Military News

Tuesday, May 12, 2015

DoD, VA to Share Amputee Medical Care Innovations



By Elaine Sanchez
Brooke Army Medical Center

JOINT BASE SAN ANTONIO-FORT SAM HOUSTON, Texas, May 11, 2015 – Health care providers from Department of Defense and Department of Veterans Affairs facilities across the world will gather here next week for a joint training symposium focused on the latest innovations in amputee care.

In its second year, the Federal Advanced Amputation Skills Training Symposium, or FAAST, will aim to equip DoD and VA physicians, therapists, prosthetists and other clinicians with a multitude of lessons learned from the past decade of war. The symposium will be hosted by the Center for the Intrepid, Brooke Army Medical Center’s state-of-the-art outpatient rehabilitation center, May 19-21.

The symposium is expected to draw over 100 DoD and VA professionals from across the nation as well as a handful of physicians from the Colombian army seeking to improve amputee care in our partner nation, noted John Shero, director of the DoD-VA Extremity Trauma and Amputation Center of Excellence, or EACE.

Sharing Information is ‘Vital’

“FAAST is a great opportunity to learn from each other and to establish contacts,” Shero said. “It’s vital for our patients that we share information, not just within a single care venue, but across both the DoD and VA amputee care systems.”

Each day will feature morning sessions presented by nationally and internationally renowned subject-matter experts, Shero explained, followed by hands-on training in areas such as adaptive sports equipment, the use of 3-D printing in rehabilitation, and blood-flow restricted strength training.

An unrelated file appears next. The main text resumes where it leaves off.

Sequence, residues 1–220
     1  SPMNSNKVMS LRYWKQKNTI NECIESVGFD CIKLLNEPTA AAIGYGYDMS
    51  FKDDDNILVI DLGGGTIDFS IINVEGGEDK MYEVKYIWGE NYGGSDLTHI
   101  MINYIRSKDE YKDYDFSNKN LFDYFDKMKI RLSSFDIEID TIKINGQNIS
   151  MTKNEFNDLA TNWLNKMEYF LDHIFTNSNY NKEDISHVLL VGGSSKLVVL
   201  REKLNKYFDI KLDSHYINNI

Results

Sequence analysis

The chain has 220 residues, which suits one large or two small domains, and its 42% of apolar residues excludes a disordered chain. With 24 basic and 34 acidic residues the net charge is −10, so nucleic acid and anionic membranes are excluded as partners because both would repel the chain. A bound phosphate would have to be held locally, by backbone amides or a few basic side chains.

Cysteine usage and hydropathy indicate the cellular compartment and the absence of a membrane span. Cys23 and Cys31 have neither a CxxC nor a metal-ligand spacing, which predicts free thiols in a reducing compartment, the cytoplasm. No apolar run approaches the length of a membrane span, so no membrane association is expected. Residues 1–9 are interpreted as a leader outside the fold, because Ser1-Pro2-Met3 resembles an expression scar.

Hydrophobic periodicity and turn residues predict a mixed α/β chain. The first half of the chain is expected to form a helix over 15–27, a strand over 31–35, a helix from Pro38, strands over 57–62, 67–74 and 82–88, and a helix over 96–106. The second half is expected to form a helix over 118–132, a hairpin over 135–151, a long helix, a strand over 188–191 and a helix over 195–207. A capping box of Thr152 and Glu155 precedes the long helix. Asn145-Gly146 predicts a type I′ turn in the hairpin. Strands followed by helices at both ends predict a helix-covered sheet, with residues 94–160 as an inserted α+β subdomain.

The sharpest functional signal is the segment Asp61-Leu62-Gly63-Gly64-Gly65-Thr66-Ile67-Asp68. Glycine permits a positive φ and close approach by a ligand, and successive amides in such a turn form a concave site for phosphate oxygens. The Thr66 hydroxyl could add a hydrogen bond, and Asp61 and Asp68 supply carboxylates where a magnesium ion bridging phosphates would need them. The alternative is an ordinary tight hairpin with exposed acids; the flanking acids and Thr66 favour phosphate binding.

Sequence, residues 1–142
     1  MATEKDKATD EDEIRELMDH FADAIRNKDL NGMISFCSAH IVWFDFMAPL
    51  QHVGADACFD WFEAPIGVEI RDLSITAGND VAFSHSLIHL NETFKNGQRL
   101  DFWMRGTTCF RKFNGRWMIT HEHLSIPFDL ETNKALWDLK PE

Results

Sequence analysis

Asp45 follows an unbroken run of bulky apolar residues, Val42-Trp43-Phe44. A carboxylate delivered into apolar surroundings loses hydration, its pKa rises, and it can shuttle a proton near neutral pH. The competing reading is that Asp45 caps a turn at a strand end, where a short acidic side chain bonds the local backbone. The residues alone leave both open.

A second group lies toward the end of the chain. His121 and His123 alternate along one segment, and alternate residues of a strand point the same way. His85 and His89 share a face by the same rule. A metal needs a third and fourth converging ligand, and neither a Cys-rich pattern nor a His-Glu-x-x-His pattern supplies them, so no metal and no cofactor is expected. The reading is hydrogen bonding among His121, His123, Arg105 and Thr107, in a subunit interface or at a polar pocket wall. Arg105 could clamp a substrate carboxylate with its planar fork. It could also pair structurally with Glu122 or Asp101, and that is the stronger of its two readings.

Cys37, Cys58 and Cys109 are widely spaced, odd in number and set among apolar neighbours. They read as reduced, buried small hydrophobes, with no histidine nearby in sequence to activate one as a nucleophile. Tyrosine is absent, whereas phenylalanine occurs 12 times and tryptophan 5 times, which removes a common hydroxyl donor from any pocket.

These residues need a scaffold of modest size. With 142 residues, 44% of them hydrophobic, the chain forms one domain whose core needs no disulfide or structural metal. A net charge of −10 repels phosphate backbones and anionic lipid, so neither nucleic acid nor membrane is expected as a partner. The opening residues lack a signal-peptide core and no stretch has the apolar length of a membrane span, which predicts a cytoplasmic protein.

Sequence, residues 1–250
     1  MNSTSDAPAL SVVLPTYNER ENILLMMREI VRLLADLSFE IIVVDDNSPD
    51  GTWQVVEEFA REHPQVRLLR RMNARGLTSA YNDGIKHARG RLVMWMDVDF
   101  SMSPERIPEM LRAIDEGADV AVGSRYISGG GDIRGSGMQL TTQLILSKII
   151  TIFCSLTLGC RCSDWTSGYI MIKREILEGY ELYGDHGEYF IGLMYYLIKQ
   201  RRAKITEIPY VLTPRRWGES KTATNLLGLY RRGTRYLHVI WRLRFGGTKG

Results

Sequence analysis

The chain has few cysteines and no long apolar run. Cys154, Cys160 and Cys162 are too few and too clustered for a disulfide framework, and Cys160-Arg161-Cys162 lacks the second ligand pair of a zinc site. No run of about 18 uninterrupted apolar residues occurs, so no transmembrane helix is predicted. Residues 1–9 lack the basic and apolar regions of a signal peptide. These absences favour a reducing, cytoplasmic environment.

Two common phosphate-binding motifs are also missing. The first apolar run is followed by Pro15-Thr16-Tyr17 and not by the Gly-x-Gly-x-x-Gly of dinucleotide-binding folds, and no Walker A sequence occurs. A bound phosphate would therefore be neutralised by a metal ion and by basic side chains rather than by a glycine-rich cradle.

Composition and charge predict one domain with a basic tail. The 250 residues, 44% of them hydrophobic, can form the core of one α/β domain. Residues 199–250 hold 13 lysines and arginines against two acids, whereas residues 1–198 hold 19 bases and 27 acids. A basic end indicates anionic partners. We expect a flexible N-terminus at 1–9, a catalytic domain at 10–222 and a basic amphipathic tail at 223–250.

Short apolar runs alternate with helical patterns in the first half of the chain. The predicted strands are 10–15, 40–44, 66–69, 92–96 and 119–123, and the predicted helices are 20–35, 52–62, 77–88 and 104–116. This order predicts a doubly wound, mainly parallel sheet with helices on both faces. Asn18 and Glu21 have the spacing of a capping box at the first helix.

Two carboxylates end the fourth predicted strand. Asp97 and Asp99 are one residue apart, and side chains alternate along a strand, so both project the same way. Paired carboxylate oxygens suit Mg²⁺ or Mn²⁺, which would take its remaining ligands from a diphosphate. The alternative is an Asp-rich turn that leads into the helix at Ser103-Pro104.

Sessions such as “Intimacy After Injury” and “Depression Recognition and Treatment” will stress the importance of tending to emotional as well as physical well-being, he said.

“We’ve learned that an optimal model for amputee care places the patient at the center of the process and addresses their care needs with an integrated, multidisciplinary team,” Shero said. “We are taking that same holistic approach with our agenda.”

The goal is to equip attendees with skills that can be immediately applied to short- and long-term patient care, said Stuart Campbell, CFI’s program manager.

Facilitating Learning

“We hand-picked topics that would have the best bang for the buck for these providers,” he said.

To facilitate learning, Campbell invited several patients to attend and share their experiences and challenges, including a Vietnam veteran and retired Army colonel as the keynote speaker.

“They are representative of our nation’s warriors for the past 50 to 60 years,” Campbell said, “and a direct reflection of the patients both the DoD and VA serve. The goal is to raise the level of expertise across the board and deliver world-class amputee care.”

Shero praised both departments for their role in the training.

“The DoD and VA cannot be islands unto themselves; we owe it to the American public, to our patients, to seek improvements across the federal continuum of care,” he said. “Our service members and veterans have made tremendous sacrifices for our nation. Our commitment remains that we will ensure all get the best possible care.”

DoD Education Activity Focuses on College, Career Readiness



By Terri Moon Cronk
DoD News, Defense Media Activity

WASHINGTON, May 12, 2015 – The Department of Defense Education Activity will begin a new initiative in the fall to better prepare its students for college or careers, the organization’s director said May 8.

DoDEA operates 181 accredited schools in 14 districts located in 12 foreign countries, seven states, Guam, and Puerto Rico. The system serves more than 78,000 children of active duty military and DoD civilian families.